Change of rules toward Cuba welcome
Published: Wednesday, April 15, 2009
By Rachael Scarborough King Register Staff
When Yale Law School student David Perez returned from an academic trip to Cuba last month, he did not know he might soon be able to visit the country as a tourist.
Perez, whose parents grew up in Cuba, said that he and five fellow students had a difficult time getting visas to travel to the Caribbean nation. But with President Barack Obama announcing plans to lift travel restrictions for people with relatives in Cuba, those difficulties could disappear for Cubans and Cuban-Americans.
The move is a “step in the right direction,” Perez said Tuesday. But he and other Connecticut advocates for improving the political and economic situation in Cuba said the administration has not gone far enough.
“This should be seen as a positive step — it’s great, but very limited,” said Perez, whose March trip was his first to Cuba. “It was a bone, but it doesn’t have that much meat on the bone yet.”
On Monday, Obama announced that his administration would lift restrictions on Cuban-Americans visiting and sending money to family members in Cuba. The president’s directive would also authorize American telecommunications providers to set up networks so that Cubans can communicate with people off the island.
In separate statements Monday, U.S. Sen. Christopher J. Dodd, D-Conn., and U.S. Rep. Rosa L. DeLauro, D-3, expressed support for the changes.
Dodd, a member of the Senate Foreign Relations Committee and co-sponsor of the Freedom to Travel to Cuba Act, called the move “an important first step towards opening people-to-people contact between the United States and Cuba” in his statement.
“I hope to see more positive changes in U.S. policy toward Cuba in the coming months, and encourage the Obama administration to soon lift the remaining travel and remittance restrictions on all Americans,” Dodd said in the statement. “For more than four decades, we have maintained an isolationist policy toward Cuba, sacrificing Americans’ freedom to travel and to trade. This approach has not only failed to achieve its stated objectives; by depriving the Cuban people of the benefit of interaction with the American people, it has inhibited a peaceful and democratic transition.”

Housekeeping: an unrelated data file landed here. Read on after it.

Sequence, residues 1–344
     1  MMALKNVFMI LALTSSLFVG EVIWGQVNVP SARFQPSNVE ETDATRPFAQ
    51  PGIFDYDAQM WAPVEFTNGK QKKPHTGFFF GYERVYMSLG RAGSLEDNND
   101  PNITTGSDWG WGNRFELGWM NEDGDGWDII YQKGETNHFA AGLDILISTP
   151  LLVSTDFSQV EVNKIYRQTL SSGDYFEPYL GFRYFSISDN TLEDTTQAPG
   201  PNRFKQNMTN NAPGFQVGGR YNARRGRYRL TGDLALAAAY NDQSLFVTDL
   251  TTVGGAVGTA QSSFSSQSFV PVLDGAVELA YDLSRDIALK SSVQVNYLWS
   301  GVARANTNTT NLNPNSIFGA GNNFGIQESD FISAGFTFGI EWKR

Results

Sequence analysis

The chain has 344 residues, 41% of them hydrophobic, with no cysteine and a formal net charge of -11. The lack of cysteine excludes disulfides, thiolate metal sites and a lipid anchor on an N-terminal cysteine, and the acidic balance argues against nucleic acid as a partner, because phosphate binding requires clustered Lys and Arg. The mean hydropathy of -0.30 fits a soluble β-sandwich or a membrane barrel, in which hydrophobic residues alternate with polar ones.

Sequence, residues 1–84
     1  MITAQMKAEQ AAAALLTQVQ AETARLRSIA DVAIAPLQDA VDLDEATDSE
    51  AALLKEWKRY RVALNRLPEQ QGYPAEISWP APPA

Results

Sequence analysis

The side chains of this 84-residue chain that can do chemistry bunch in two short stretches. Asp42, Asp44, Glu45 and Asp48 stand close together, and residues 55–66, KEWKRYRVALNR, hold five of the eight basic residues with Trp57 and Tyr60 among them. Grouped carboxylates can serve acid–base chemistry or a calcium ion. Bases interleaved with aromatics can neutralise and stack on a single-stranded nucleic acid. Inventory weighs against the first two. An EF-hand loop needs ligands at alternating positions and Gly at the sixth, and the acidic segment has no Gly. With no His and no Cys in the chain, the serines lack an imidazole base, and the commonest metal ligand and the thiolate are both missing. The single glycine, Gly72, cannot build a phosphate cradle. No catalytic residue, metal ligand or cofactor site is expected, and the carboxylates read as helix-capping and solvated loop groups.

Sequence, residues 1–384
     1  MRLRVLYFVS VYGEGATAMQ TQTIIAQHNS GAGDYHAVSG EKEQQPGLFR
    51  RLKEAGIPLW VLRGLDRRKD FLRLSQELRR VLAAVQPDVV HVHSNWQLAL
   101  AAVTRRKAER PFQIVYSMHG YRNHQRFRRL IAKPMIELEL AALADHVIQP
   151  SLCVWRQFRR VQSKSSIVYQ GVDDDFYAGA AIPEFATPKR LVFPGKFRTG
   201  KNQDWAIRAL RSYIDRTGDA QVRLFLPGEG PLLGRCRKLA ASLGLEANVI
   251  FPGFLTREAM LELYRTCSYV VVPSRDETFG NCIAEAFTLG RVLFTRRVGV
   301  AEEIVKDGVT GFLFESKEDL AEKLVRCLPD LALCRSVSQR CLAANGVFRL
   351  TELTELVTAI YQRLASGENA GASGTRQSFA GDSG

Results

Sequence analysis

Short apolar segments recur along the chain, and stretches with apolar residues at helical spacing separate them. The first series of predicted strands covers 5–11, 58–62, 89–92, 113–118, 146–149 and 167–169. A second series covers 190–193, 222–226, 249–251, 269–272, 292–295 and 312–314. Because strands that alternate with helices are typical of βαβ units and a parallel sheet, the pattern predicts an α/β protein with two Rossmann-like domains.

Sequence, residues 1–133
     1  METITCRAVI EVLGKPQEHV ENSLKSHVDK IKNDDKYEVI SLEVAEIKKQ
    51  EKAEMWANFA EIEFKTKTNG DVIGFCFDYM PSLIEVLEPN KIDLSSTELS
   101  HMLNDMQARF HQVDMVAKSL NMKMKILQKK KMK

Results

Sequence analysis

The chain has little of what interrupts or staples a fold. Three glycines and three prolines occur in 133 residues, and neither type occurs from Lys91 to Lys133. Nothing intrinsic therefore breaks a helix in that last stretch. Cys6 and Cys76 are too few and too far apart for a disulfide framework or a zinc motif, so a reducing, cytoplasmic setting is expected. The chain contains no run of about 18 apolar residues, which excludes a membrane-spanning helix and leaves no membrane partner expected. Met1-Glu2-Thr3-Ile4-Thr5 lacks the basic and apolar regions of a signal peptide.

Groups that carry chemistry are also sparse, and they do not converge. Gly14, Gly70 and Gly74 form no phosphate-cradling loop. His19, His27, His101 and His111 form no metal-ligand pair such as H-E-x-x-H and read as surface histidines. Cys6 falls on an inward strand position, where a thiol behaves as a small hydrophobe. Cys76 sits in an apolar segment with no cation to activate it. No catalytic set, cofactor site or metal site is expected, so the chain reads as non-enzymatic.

Cuba and its 11 million residents have been off-limits to most American visitors for decades. The communist government has been cited by the United States for human rights violations.
President George W. Bush tightened restrictions, limiting frequency and length of visits for Cuban-Americans with relatives in Cuba.
In a statement detailing the changes to the travel policy, the White House Press Office said Obama believes easing the restrictions could help “foster the beginnings of grassroots democracy on the island” since Cuban-Americans could act as “ambassadors for freedom” while visiting relatives.
Tim Craine, a professor of mathematical sciences at Central Connecticut State University and a member of the Greater Hartford Coalition on Cuba, said Tuesday that his group supports extending travel rights to all Americans. Under the existing policies, he said, it has been more difficult for CCSU students to study in Cuba.
“Americans should be free to travel to Cuba, so we understand that the president has made a small step in that direction but it really needs to be extended to all Americans,” Craine said. “It’s a good thing he made that step, but we would hope that he would go farther.”
Craine said that he is also in favor of the United States easing its trade embargo on the country.
Perez said he hopes to travel to Cuba soon under the relaxed regulations. Using the information he gained on his trip, he wrote a policy recommendation for U.S.-Cuba relations that he has circulated to some U.S. State Department officials and hopes to publish. A key element of the proposal is allowing all Americans to travel to Cuba, he said.
“There’s no doubt in my mind I’m going to take advantage of this,” he said. “I think you’re going to see a lot of people taking advantage of this because we never know when (the restrictions) are going to go back.”